"Satchel" Paige was a pitcher in the Negro League during his prime, pitching 50 no-hit games during that time before finally, at age 42, gaining access to the Major Leagues, with both the Indians and the Browns. He was also famous for his aphorisms, as on the occasion when he opined: "Never look back; they might be gaining on you."
This was good advice, from one point of view. It implies that, when adversity is creeping up on you, it’s better not to know about it; otherwise, you might get frightened, lose your cool, and succumb to a very unpromising situation. This probably proves true in many situations.
However, there’s another way of looking at the downside of life: its unpleasantries, its frightening scenarios, its ugliness. It’s comparable to visiting the great American west, with its desert terrain. For city people seeing the desert for the first time, especially in the "dead" time of the year, it’s a real "downer". Nothing to take one’s breath away: just barren wind-swept sand, with a few dead limbs sticking out of the ground, and the rugged, ungainly, colorless cacti dotting the surface, as if to convey the message that they’re too ugly and shapeless to raise the question as to their value or worth. Who cares?
There’s another way of viewing this forsaken piece of territory, however, and that is to revisit the desert at another time of the year, after the seasonal rains have fallen. Then, lo and behold! What a changed spectacle. Flowering cacti decorate the desert floor, a blooming parade of bright colors carpets the ground. Beauty has arrived, pushing ugliness into the realm of forgetfulness.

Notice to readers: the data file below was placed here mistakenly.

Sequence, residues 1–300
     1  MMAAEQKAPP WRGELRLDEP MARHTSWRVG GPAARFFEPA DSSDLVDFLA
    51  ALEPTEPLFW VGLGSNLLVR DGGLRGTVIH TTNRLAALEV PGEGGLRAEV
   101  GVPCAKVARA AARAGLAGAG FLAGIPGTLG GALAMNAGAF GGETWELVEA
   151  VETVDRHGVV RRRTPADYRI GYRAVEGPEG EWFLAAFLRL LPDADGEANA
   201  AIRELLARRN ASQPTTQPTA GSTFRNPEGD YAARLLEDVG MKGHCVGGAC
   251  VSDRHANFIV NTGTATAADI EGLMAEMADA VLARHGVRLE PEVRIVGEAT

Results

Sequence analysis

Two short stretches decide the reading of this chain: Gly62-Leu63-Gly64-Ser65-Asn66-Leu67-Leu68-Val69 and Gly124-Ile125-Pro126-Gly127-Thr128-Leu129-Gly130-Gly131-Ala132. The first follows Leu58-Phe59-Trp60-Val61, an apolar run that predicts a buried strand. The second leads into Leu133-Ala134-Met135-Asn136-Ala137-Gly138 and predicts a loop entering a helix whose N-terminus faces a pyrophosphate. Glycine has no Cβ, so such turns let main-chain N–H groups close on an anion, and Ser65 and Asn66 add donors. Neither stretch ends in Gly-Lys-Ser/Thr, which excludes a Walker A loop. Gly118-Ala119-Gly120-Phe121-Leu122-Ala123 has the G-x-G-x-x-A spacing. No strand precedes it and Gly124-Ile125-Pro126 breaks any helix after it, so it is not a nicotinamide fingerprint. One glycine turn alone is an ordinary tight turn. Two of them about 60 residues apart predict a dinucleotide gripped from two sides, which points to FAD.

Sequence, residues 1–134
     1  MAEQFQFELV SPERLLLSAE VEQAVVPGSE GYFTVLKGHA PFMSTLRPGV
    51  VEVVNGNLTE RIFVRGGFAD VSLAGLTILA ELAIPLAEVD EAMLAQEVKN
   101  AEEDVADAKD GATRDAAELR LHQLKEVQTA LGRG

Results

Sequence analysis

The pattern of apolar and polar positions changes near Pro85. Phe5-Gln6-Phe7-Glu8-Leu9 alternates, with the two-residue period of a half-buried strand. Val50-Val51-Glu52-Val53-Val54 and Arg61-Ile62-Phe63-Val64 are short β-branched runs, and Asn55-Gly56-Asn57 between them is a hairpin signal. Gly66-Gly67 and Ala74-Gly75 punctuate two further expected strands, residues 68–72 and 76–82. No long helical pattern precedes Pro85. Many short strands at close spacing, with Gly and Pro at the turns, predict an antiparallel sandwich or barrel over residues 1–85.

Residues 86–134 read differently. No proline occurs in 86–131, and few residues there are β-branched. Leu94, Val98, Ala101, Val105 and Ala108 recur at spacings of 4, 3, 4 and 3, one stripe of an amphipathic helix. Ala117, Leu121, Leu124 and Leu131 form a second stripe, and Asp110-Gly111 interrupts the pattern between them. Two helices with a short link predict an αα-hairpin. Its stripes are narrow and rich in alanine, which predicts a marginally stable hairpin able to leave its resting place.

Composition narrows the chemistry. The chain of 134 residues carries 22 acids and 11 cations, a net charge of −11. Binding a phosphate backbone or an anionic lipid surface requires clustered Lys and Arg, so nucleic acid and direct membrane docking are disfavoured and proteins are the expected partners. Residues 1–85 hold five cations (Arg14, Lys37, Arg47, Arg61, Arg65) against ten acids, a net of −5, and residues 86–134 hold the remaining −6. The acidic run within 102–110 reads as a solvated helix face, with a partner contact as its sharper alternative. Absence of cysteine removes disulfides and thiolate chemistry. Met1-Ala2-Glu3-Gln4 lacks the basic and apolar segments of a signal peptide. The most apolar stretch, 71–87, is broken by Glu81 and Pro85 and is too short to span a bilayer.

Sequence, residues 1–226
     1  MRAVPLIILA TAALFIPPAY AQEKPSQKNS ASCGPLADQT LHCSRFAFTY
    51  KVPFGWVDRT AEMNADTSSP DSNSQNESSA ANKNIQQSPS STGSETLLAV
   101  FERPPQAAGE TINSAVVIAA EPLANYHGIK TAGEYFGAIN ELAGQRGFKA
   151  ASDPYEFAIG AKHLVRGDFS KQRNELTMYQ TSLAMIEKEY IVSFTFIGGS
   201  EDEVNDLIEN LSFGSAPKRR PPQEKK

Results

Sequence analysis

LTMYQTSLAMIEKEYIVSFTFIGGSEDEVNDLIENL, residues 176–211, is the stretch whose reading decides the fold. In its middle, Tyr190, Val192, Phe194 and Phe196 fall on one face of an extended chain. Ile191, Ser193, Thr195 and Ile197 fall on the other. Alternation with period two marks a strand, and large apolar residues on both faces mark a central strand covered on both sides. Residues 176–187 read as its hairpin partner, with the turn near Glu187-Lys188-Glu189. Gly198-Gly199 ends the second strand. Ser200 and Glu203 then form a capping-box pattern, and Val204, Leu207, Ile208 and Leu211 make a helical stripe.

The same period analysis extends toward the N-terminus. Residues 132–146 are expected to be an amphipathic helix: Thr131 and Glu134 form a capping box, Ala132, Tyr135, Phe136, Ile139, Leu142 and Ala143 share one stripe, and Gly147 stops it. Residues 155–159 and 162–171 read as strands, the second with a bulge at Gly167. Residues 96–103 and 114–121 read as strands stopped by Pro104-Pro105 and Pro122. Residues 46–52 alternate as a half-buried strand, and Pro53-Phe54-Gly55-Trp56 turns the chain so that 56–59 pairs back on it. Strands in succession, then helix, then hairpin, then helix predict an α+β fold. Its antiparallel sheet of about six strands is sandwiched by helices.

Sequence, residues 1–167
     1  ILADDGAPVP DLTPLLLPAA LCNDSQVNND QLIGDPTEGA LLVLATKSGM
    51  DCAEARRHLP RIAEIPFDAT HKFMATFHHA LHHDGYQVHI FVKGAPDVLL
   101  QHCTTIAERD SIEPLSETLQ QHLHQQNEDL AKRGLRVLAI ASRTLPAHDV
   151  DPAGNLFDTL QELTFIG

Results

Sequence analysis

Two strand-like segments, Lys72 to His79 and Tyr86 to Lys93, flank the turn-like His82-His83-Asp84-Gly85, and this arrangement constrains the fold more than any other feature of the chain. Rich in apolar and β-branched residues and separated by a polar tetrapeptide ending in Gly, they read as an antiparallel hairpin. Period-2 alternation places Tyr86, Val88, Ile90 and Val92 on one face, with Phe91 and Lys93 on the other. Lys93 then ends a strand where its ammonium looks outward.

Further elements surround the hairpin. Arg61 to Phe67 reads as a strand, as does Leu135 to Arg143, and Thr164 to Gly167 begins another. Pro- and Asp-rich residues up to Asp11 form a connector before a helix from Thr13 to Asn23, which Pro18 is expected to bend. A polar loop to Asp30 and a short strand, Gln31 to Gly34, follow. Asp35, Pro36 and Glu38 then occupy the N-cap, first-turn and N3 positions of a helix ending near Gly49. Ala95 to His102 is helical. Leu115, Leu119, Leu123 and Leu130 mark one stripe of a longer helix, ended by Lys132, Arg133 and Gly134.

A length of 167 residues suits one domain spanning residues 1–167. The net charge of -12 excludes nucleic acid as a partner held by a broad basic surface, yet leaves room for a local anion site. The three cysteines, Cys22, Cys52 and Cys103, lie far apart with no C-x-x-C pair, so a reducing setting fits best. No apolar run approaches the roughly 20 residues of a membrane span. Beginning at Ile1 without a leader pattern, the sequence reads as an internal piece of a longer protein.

This happens in areas than just the desert; it also occurs in human life. A personal history riddled with what the prophet Zephaniah portrays in today’s reading: subject to negative judgments against us, surrounded by enemies, frayed by misfortunes, weighted down with discouragement, submerged in disasters: ole’ Satch Paige must have read this prophet and wondered: "why look back at this?".
But wait! Zephaniah hasn’t finished with his prophecy! He goes on to encourage shouts and songs of joy, gladness and exultation as he depicts the Lord supporting us in such trying times.
And this works itself out in the lives of the two women whom Luke’s gospel describes today: Elizabeth and Mary. We catch these women at a happy moment, taking to heart Satch’s advice about not looking back, since they’re coming out of some searing moments: Elizabeth’s long infertile marriage to Zechariah, undoubtedly the butt of catty remarks from her fertile neighbors boasting of their children; Mary, on the verge of pregnancy before living with Joseph. They both travelled paths of thorns. But now they’re blossoming with joy, about to experience the joy of childbirth: a Christmas event for them.
This scene sets us up for the joy of Christmas, on this the shortest day of the year, but long enough to catch the cacti bursting into bloom.
Fr. Sebastian MacDonald, C.P. is a member of the Passionist formation community at Catholic Theological Union, Chicago.